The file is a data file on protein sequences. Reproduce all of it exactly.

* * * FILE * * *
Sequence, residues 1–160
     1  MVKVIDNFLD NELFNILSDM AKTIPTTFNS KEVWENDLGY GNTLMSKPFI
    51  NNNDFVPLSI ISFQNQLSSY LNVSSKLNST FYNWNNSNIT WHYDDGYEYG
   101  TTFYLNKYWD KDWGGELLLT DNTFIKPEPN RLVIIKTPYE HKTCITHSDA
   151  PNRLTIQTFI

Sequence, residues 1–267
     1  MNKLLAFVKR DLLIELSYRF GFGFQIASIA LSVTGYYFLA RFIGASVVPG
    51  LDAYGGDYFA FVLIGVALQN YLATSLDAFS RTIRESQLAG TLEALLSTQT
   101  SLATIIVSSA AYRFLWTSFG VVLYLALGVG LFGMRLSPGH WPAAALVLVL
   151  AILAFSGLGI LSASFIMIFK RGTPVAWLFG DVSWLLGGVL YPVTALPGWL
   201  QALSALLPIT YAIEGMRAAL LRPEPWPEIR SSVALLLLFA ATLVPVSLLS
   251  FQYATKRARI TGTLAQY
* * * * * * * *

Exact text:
Sequence, residues 1–160
     1  MVKVIDNFLD NELFNILSDM AKTIPTTFNS KEVWENDLGY GNTLMSKPFI
    51  NNNDFVPLSI ISFQNQLSSY LNVSSKLNST FYNWNNSNIT WHYDDGYEYG
   101  TTFYLNKYWD KDWGGELLLT DNTFIKPEPN RLVIIKTPYE HKTCITHSDA
   151  PNRLTIQTFI

Sequence, residues 1–267
     1  MNKLLAFVKR DLLIELSYRF GFGFQIASIA LSVTGYYFLA RFIGASVVPG
    51  LDAYGGDYFA FVLIGVALQN YLATSLDAFS RTIRESQLAG TLEALLSTQT
   101  SLATIIVSSA AYRFLWTSFG VVLYLALGVG LFGMRLSPGH WPAAALVLVL
   151  AILAFSGLGI LSASFIMIFK RGTPVAWLFG DVSWLLGGVL YPVTALPGWL
   201  QALSALLPIT YAIEGMRAAL LRPEPWPEIR SSVALLLLFA ATLVPVSLLS
   251  FQYATKRARI TGTLAQY